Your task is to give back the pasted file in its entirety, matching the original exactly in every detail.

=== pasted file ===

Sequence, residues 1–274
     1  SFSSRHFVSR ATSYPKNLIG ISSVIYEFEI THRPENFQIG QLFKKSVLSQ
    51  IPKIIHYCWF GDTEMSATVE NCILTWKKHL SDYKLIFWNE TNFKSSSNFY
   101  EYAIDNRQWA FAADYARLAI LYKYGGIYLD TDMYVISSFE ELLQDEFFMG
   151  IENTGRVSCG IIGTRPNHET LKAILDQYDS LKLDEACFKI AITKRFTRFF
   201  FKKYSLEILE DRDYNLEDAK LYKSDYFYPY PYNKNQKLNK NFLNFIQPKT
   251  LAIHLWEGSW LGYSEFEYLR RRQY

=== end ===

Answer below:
Sequence, residues 1–274
     1  SFSSRHFVSR ATSYPKNLIG ISSVIYEFEI THRPENFQIG QLFKKSVLSQ
    51  IPKIIHYCWF GDTEMSATVE NCILTWKKHL SDYKLIFWNE TNFKSSSNFY
   101  EYAIDNRQWA FAADYARLAI LYKYGGIYLD TDMYVISSFE ELLQDEFFMG
   151  IENTGRVSCG IIGTRPNHET LKAILDQYDS LKLDEACFKI AITKRFTRFF
   201  FKKYSLEILE DRDYNLEDAK LYKSDYFYPY PYNKNQKLNK NFLNFIQPKT
   251  LAIHLWEGSW LGYSEFEYLR RRQY